Kohn

Image by Jacob Boll

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There seems to be a trend afoot in documentary radio — working directly with musicians to compose music for a story. In fact, some producers are using music to tell the story, not just score it. That’s one hundred eighty degrees in opposition to standard journalistic practice of not using music at all. And, it’s pretty damn interesting.

“Kohn” by Andy Mills is a compelling example of this trend. (So, is Long Haul Productions’ “The Natural State” which we featured on HowSound a few episodes back.) Andy worked with Hudson Branch, a band from Chicago. They composed music to accompany and become part of the story about Andy’s friend, Kohn. Other people working in this vein are Charles Spearin and The Books.

Andy received the “Best New Artist” award from the Third Coast International Audio Festival in 2011 for his production. Well deserved, I’d say. And, RadioLab picked up the story and produced their own version. Andy’s version and RadioLab’s version make for an interesting comparison.

Speaking of comparisons, Kohn is accompanied by Hudson Branch as he sings a unique version of Grey Room by Damien Rice. Check out the original.

Have a listen and post your thoughts about music and documentary storytelling.

Cheers,
Robdr

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9 comments to Kohn

  • Ben

    Great stuff. Moving. I love getting new angles on this piece.

  • I heard the Radiolab version before I heard the original edit and I definitely prefer the original. More precisely, the Radiolab edit made sense for that context, but I don’t know that the context was the right one for the story. The original story is much more of a story about Andy’s friend, Kohn, not his disability or his strange neurological disconnect. It’s personal, not biological. The Radiolab version is the opposite, as presumably suits a science program.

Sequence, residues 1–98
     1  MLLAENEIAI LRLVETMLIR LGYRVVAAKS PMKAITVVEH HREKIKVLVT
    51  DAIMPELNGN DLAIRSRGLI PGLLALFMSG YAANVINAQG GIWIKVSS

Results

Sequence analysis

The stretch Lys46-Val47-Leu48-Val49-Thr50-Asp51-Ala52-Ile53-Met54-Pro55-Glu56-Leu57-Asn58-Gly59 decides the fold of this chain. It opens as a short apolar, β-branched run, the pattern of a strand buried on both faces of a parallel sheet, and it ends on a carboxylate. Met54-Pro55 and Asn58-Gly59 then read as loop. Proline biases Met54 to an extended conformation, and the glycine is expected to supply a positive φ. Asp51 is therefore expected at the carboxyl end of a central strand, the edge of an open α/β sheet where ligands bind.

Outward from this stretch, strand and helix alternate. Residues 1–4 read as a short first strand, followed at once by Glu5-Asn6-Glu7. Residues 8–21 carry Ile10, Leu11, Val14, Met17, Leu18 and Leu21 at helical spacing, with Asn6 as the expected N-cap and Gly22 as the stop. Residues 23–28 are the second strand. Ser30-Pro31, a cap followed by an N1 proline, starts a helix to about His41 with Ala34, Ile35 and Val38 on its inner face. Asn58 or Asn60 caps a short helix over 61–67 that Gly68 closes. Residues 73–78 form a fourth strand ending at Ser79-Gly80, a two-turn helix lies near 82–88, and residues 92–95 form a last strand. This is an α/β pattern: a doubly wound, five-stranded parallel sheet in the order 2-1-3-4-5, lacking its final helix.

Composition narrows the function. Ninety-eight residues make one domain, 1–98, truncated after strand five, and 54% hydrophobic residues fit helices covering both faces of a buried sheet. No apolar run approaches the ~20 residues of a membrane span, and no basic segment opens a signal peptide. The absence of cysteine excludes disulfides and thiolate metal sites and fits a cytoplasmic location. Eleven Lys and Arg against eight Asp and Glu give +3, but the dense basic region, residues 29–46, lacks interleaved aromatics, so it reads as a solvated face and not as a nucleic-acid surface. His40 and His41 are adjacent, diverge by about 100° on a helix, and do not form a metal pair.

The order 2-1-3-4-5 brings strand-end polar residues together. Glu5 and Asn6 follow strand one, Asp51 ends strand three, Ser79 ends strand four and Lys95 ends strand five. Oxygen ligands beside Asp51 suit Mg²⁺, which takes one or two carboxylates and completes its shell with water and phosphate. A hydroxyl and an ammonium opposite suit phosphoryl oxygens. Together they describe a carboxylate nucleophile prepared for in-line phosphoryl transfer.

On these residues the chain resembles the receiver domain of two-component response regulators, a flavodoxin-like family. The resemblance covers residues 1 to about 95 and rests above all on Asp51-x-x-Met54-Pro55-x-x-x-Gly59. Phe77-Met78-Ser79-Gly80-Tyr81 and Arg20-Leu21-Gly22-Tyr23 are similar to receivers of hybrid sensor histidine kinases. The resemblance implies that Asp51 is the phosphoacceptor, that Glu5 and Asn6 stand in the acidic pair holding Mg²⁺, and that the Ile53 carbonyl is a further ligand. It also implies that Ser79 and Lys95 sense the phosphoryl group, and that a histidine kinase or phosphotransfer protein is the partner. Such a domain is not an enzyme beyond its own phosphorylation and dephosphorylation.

As far as the music, I found that it gave it a really cinematic feel, sort of like a voice-over scene in an independent movie like Garden State or Amelie. I think it contributed a lot to the personal feeling. Of course, there’s a question of whether that would be true for someone else. For example, someone not of my generation might have a completely different feeling about the style of the music, and therefore come away with a completely different emotional impression.

    What was that phrase – music is emotional tyranny?

  • I listened to this last night in the car with my brother, with a pretty steady stream of tears flowing down my face the whole time. I had heard the radiolab version, so there were no surprises, just that feeling of I-love-where-this-is-going-ness, and it felt good to let it take me there.
    Thanks Rob. You’re on a roll.

  • Jeannie

    I have listened to this story a number of times and look forward to Kohn’s version of Grey Room. Can I buy that song? I have a friend who has serious physical deformities and is difficult to understand. I wonder if he think’s he sound normal to us like Kohn did…I’m going to leave it that way:)

    Thanks so much for the story, very moving. I love this type of radio.
    Jeannie

  • Rob Rosenthal

    Hi Jeannie,

    Thanks for your note. I’ll forward it to Andy, the producer and he’ll get back to you directly.

    Best,
    Rob

  • Absolutely BRILLIANT radio! I dream of creating radio/podcasts like this.
    Thanks so much for sharing this!

  • Ditto what Pete said.

    OK, so the piece is kiiiinda on the syrupy side for me, but I also wish I had been the producer. It really is lovely.

  • Recently I’d rekindled my first love – Radio! And whilst researching a new commissioned work I stumbled upon this story. As a composer / producer myself, and having worked on scores for theatre, film and radio I was astonished, delighted and charmed by this story and how elegantly it was brought together. Thank so much for this inside story.

    -ag.

  • Cassandra

    I just heard this story on Radiolab and it was very moving. I have a nodule on my vocal chord that makes my voice sound husky, which I didn’t know about until I recorded and played back my own voice on tape around 3rd grade, and had the same experience–that is, of hating recordings of my own voice, and being astonished that nobody had thought to tell me I sounded ‘different’ and just assumed I knew. Both Kohn’s story and the song “Grey Room” really resonated with me; thanks.

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